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This word is iconic in popular culture as something the director shouts to end the shooting of a scene. It even featured prominently in last year’s Best Picture winner.
But it's the film editors who truly "cut" our films down to what we actually see on screen. Deciding what leave in, what to leave out, how to convey the narrative and how to establish pace are just a few of the editor’s extraordinarily important roles.
The work of many other crafts artists, to say nothing of the actors, is finished when the shoot is done. Others, such as the composer, only begin when the shoot is over. The film editor, on the other hand, is there throughout, working with the director until the film is just right.
More than any other category with the possible – and even that is debatable – exception of Best Director, the Academy Award for Best Film Editing is very often tied to the Best Picture race. The two categories are intertwined. Prior to the Best Picture expansion there were almost always three-to-four nominees in common between the two categories. In 2002, there was a 100% matchup. Of the past 15 nominees, 14 have been Best Picture nominees. The one exception, “The Girl with the Dragon Tattoo,” actually won the category. That was the first time since 1968’s “Bullitt” where a film won this category and no others.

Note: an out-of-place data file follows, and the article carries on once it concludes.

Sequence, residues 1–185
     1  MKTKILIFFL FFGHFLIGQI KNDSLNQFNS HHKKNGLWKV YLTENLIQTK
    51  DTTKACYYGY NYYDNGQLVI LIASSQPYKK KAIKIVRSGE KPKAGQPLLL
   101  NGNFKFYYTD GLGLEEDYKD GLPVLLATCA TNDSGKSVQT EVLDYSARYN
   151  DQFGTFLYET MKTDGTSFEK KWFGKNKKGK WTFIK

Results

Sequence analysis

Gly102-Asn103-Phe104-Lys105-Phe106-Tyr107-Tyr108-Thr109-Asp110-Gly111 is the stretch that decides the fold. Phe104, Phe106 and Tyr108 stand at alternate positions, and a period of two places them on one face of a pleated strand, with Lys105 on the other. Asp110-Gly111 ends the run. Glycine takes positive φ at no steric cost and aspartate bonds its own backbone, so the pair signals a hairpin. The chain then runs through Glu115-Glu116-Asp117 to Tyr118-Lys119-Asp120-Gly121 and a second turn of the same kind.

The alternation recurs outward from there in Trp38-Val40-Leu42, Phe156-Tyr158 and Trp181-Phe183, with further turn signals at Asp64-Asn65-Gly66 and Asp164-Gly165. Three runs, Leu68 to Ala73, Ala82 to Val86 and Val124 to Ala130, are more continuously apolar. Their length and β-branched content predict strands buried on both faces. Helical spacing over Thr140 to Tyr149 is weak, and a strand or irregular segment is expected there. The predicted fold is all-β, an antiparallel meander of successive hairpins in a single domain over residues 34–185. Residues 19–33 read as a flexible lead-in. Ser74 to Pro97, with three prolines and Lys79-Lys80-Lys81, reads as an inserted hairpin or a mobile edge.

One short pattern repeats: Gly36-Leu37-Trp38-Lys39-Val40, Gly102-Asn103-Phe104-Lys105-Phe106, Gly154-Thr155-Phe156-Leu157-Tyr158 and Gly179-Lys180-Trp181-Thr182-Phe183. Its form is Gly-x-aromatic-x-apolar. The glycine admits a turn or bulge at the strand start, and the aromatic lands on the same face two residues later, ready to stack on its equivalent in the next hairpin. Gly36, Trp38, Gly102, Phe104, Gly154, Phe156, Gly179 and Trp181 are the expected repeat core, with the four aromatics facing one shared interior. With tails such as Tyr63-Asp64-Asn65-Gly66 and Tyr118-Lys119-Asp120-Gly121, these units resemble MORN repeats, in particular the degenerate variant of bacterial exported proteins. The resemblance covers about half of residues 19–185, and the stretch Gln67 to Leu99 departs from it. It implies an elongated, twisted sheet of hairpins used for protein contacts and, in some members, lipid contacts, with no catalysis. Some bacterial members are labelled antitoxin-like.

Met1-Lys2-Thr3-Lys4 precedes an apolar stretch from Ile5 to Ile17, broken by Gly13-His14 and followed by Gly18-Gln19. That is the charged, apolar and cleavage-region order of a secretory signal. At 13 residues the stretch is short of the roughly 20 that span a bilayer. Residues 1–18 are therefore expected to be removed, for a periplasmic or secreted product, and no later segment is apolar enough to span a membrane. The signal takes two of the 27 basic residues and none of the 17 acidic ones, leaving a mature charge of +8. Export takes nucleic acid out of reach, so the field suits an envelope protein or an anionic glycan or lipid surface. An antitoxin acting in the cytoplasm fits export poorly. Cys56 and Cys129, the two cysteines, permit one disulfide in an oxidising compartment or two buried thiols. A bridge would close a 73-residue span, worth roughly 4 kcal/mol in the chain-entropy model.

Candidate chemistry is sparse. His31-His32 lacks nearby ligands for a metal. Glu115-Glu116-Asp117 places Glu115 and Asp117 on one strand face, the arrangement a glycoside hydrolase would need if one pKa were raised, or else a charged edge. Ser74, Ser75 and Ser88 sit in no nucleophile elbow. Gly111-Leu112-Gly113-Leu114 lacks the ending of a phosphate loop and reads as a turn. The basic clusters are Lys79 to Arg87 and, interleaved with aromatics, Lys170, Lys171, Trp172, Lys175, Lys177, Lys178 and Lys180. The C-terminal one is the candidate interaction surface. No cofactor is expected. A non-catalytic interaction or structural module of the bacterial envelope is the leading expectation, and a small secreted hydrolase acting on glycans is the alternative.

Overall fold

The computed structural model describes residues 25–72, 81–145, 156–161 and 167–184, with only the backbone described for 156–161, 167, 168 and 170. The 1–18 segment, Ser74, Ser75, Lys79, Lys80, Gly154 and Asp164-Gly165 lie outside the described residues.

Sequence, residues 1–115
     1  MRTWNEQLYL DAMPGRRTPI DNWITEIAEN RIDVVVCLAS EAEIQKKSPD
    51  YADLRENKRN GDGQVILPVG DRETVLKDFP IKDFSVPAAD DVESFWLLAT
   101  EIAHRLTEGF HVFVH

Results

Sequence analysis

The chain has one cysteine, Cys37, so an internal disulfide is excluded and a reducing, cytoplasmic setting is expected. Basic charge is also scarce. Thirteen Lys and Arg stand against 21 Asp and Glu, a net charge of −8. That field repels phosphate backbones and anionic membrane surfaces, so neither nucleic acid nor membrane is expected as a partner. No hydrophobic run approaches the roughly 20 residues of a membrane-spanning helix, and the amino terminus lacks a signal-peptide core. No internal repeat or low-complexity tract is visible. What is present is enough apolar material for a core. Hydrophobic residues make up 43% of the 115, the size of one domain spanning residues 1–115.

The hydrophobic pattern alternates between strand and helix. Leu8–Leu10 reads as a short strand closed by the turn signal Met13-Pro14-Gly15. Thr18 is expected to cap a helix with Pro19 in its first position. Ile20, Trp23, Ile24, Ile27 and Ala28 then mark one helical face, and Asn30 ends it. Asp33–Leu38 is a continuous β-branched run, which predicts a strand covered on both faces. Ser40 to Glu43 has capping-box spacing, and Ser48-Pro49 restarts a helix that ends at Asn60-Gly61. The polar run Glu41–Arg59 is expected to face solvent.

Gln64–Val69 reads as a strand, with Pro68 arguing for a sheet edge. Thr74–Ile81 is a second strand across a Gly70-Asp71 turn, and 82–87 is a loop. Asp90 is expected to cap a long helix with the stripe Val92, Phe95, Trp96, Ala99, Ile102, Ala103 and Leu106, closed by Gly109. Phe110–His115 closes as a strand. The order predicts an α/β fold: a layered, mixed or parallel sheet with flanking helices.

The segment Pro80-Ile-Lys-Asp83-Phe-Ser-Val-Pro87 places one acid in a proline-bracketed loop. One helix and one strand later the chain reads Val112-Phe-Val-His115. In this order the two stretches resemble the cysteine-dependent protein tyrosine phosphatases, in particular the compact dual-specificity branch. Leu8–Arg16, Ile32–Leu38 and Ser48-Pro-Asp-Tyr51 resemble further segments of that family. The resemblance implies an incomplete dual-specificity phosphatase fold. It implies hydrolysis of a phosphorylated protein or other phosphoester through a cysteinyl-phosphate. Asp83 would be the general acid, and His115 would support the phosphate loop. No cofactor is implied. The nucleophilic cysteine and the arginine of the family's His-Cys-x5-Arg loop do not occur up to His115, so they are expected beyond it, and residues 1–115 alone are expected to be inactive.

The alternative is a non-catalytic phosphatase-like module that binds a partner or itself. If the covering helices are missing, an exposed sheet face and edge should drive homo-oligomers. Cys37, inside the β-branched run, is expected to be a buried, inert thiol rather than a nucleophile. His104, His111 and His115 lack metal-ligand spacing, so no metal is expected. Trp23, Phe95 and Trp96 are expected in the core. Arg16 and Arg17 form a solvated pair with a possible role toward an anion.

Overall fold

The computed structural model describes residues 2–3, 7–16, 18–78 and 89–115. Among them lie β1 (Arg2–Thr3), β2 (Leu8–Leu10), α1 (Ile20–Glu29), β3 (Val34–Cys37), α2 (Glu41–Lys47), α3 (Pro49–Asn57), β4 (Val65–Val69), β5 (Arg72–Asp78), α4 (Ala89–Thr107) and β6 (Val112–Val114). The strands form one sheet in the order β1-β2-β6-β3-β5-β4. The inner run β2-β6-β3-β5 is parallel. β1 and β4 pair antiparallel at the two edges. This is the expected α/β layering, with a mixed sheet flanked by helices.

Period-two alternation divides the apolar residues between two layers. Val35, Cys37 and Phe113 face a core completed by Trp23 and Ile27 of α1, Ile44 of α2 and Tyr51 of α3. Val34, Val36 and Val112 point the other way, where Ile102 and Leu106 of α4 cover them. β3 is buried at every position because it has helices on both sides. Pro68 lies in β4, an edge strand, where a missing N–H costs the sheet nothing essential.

But the branch does look for things beyond Best Picture potential. Action films and musicals do quite well here, due to the fact that making coherent fight scenes and song-and-dance numbers is hardly an easy task. By “action films” I include war films and suspense films. Films with interesting and unusual narratives such as “Memento,” “United 93” and “The Diving Bell and the Butterfly” also score often.
Probably more than any other, the category is *not* principally concerned with in-club considerations. Many editors receive second or third nominations, but only two working editors – Michael Kahn and Thelma Schoonmaker – have seven nominations to date. While that is a lot of nominations, it is not a great deal for “most among working artists” when compared to every other crafts category.
On the note of Michael Kahn, he has the potential to earn his eighth nod this year for Steven Spielberg’s “Lincoln.” With six of his seven nominations coming for Spielberg films (including at least one nomination in each of the past four decades), Kahn clearly has a great working relationship with the director. An epic film involving numerous characters would seem a good bet for yet another nomination. Moreover, “Lincoln” is poised to be Spielberg’s best reviewed film in quite some time. Even so, Kahn has been a surprise omission before (“The Color Purple,” “Minority Report,” “War Horse”), so let’s not take anything to the bank.